Earlier this year, microprocessor giant Intel (NASDAQ: INTC) informed investors that it has fundamentally changed its product and technology development priorities.
In the past, the company had built and deployed technologies first-and-foremost for its personal computer products, such as chip manufacturing technologies, with its other businesses adopting those technologies later down the line.
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This made perfect sense considering that Intel's PC business was its largest and most profitable segment, by far.
Today, Intel's top priority is its data center business, formally known as its Data Center Group (DCG for short). This isn't Intel's largest business today, nor is it its most profitable, but it's clear that Intel thinks its data center business has a much brighter future than its personal computer chip business, known as its Client Computing Group, or CCG.
Given the trends over the last half-decade or so -- personal computers have been on the decline while data center opportunities seemingly abound -- this was a sensible enough move.
As the year has progressed, though, an interesting phenomenon has played out that has me wondering if Intel made the right move here.
CCG is crushing DCG
For the first half of the year, Intel's CCG has handily outperformed DCG, as the table below illustrates:
Now, to be fair, the extremely high operating profit growth in CCG, as well as the decline in CCG's operating profit, are partially due to Intel shifting some of the companywide shared cost burden away from CCG and into DCG's court.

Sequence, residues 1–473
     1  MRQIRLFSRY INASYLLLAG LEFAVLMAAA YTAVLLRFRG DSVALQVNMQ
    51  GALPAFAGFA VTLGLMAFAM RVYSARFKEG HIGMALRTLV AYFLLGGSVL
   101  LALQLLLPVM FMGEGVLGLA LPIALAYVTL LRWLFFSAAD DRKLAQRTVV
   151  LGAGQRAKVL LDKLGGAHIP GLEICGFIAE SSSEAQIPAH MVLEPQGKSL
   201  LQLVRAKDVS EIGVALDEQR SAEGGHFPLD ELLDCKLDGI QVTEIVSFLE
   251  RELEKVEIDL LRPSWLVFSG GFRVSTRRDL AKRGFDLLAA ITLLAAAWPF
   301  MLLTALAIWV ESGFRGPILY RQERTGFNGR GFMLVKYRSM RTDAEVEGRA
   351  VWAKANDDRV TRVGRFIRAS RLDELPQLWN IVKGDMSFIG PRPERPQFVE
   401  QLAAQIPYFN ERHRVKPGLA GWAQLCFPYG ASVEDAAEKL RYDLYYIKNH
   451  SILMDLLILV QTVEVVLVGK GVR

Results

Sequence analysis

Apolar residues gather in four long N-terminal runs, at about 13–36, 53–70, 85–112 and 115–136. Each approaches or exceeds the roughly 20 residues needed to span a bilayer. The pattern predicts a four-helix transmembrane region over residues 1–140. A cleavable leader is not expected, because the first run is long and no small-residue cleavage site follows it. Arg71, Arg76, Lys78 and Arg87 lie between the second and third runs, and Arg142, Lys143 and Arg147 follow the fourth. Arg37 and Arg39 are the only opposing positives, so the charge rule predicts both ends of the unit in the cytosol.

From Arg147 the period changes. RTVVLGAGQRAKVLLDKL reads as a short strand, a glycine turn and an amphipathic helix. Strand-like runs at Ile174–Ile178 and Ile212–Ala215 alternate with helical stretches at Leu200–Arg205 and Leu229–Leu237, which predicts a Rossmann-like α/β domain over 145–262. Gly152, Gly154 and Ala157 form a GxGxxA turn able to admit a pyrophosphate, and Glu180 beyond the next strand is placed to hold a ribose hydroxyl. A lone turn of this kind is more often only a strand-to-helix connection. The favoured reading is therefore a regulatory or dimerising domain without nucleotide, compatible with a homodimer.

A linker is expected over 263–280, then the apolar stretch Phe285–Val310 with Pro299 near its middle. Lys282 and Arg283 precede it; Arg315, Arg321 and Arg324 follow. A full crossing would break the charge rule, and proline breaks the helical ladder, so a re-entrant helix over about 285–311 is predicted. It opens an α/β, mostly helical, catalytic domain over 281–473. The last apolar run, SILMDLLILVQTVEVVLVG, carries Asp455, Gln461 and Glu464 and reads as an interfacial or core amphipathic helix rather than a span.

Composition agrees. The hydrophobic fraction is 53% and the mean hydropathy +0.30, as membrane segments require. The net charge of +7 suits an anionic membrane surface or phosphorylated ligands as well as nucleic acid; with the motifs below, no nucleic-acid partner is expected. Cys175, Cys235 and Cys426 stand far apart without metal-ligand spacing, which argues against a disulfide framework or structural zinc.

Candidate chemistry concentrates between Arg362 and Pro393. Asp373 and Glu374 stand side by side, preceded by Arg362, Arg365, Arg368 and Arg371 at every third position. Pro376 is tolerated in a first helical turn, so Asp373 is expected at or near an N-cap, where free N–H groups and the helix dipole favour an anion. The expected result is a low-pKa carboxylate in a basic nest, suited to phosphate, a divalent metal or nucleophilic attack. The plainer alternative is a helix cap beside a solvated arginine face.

But I think more important here is the revenue performance: In a PC market that's down, Intel has been able to wring out significant revenue growth for the first half of the year. Intel says that during the first six months of 2017, notebook platform unit shipments were up 7% while corresponding average selling prices rose 6%.
In desktops, volumes dropped 4%, but that was somewhat mitigated by a 1% rise in average selling prices.
It's also worth noting that the year-over-year growth in CCG during the first half of 2017 was augmented by shipments of cellular modems into the iPhone 7.
Longer-term, DCG probably has more growth potential than CCG does, but I think properly managed, CCG could still be a reasonable source of growth.
Indeed, with the core personal computer market stabilizing, and with new technologies emerging such as augmented reality and virtual reality that can really make use of tons of computing performance, the opportunities for Intel's CCG might be the largest they've ever been.
Maybe DCG and CCG should be equals?
Elevating DCG was a smart thing to do given its importance to the company today and its likely increasing importance to the company in the years ahead.
I just worry that by putting DCG first rather than, say, putting DCG and CCG on equal footing, Intel may have diverted its attention and focus from CCG just when CCG began to show signs of life.
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